Researchers have come across what appears to be the first piece of malware designed to specifically target AWS Lambda environments.
The malware, named Denonia based on the name of a domain it communicates with, was discovered by researchers at Cado Security, who found samples uploaded to VirusTotal in January and late February. The samples are currently detected by roughly half of the security vendors on VirusTotal.
Denonia was developed in Go and it currently appears to be used for cryptocurrency mining, specifically Monero (XMR), using a custom version of the popular XMRig mining software.
AWS describes Lambda as a “serverless, event-driven compute service that lets you run code for virtually any type of application or backend service without provisioning or managing servers.”
Cado noted that AWS secures the underlying Lambda execution environment, but it’s up to customers to secure functions, which makes it possible for cybercriminals to deploy such malware.
An analysis of Denonia showed that the malware is designed to execute in Lambda environments, but it’s still unclear how it’s deployed.
“It may simply be a matter of compromising AWS Access and Secret Keys then manually deploying into compromised Lambda environments, as we’ve seen before with more simple Python scripts,” Cado researchers explained.
According to researchers, Denonia uses DNS over HTTPS (DoH) for C&C traffic, which can help it evade detection measures and virtual network access controls.
The researchers noted that while this particular piece of malware does not appear to have been widely distributed and it only has limited capabilities, its existence demonstrates that attackers are “using advanced cloud-specific knowledge to exploit complex cloud infrastructure, and is indicative of potential future, more nefarious attacks.”
Cado has shared indicators of compromise (IoC), including hashes, C&C domains and IP addresses.
UPDATE: AWS has issued a statement to provide clarifications and dispute some of the claims regarding Denonia:
“Lambda is secure by default, and AWS continues to operate as designed. Customers are able to run a variety of applications on Lambda, and this is otherwise indistinguishable to discovering the ability to run similar software in other on-premises or cloud compute environments. That said, AWS has an acceptable use policy (AUP) that prohibits the violation of the security, integrity, or availability of any user, network, computer or communications system, software application, or network or computing device, and anyone who violates our AUP will not be allowed to use our services.”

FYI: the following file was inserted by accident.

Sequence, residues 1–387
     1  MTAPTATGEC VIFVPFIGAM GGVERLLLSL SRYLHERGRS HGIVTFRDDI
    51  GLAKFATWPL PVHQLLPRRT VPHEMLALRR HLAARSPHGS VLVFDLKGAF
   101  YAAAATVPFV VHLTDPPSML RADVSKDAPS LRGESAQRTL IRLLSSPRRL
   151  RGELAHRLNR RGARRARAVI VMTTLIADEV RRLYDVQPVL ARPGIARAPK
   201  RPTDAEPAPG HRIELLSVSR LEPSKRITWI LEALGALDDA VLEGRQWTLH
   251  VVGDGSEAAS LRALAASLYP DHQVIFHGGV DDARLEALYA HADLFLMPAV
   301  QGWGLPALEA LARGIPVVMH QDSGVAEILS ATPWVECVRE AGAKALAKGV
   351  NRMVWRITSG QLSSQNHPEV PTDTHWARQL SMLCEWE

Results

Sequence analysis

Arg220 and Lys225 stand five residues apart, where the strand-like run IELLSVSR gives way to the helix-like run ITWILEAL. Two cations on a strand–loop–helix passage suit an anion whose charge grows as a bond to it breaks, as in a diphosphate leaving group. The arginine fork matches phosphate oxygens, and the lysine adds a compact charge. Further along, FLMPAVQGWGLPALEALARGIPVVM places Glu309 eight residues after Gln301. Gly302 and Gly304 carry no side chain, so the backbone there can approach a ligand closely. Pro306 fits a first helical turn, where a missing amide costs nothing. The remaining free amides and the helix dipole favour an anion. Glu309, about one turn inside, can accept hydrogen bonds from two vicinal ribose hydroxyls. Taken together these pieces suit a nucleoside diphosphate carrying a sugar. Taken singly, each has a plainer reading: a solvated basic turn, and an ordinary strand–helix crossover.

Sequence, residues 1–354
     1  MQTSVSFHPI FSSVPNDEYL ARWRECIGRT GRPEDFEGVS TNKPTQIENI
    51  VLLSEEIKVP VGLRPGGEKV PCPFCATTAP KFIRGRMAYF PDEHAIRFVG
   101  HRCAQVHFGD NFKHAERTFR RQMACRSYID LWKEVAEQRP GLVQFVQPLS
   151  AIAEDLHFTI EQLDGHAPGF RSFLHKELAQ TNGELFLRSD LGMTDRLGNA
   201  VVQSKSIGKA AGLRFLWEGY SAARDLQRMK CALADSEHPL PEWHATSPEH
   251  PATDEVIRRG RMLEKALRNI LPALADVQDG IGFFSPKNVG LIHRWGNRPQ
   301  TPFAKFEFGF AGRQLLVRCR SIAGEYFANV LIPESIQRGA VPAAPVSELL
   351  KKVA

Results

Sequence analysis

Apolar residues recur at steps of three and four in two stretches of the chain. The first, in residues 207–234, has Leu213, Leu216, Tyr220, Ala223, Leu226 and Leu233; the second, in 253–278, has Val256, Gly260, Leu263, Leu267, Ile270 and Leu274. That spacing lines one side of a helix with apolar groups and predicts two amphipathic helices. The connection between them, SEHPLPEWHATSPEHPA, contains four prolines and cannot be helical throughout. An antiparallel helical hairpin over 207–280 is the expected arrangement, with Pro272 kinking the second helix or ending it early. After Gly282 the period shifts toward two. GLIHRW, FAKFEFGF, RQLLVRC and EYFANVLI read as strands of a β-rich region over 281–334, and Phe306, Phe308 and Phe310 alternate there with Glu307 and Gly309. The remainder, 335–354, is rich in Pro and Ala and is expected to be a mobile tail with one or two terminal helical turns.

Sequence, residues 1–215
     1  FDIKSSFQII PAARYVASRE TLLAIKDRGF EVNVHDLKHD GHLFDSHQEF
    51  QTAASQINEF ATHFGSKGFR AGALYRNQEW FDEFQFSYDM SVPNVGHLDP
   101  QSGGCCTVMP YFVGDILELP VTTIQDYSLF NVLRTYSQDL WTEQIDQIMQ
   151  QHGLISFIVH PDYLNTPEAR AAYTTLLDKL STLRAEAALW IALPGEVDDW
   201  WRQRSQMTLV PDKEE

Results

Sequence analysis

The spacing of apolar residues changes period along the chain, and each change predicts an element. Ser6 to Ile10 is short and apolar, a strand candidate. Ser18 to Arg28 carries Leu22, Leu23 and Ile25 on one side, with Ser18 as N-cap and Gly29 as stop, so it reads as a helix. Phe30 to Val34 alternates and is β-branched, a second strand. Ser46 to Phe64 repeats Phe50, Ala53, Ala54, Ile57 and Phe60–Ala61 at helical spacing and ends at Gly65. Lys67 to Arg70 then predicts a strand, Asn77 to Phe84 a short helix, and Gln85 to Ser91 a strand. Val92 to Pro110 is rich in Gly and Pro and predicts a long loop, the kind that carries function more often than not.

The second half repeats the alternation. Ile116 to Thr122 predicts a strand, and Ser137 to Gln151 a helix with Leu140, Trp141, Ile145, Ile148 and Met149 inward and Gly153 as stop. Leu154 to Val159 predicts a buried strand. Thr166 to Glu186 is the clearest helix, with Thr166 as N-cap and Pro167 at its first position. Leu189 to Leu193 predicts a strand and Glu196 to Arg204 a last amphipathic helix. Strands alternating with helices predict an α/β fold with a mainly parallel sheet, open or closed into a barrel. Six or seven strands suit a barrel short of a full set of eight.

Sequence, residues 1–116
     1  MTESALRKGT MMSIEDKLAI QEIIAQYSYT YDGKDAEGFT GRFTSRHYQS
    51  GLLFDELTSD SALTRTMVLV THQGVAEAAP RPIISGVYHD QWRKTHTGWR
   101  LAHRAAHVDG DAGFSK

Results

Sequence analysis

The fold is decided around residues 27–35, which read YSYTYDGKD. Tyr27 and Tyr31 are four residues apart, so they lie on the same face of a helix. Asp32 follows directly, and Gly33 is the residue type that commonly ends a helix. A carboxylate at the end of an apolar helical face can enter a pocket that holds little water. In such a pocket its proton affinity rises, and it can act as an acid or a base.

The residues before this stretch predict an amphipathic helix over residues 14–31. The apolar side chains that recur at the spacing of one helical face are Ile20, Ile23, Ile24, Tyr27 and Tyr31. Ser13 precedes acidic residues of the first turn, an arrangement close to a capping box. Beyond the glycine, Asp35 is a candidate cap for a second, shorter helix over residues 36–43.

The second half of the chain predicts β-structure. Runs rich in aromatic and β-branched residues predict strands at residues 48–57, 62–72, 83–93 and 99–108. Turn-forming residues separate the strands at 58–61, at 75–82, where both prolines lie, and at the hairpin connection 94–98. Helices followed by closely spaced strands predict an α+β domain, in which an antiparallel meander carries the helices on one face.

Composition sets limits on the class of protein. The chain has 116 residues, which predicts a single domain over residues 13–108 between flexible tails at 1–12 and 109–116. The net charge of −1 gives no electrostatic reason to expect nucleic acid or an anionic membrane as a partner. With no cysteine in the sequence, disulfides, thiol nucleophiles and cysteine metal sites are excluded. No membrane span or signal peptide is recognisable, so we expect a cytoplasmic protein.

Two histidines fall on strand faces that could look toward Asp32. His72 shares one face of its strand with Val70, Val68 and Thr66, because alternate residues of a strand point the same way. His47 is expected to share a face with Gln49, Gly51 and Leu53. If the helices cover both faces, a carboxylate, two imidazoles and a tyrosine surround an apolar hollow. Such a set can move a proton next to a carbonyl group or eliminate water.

“The software described by the researcher does not exploit any weakness in Lambda or any other AWS service. Since the software relies entirely on fraudulently obtained account credentials, it is a distortion of facts to even refer to it as malware because it lacks the ability to gain unauthorized access to any system by itself. What’s more, the researchers even admit that this software does not access Lambda–and that when run outside of Lambda in a standard Linux server environment, the software performed similarly. It is also important to note that the researchers clearly say in their own blog that Lambda provides enhanced security over other compute environments in their own blog: ‘under the AWS Shared Responsibility model, AWS secures the underlying Lambda execution environment but it is up to the customer to secure functions themselves’ and ‘the managed runtime environment reduces the attack surface compared to a more traditional server environment.’”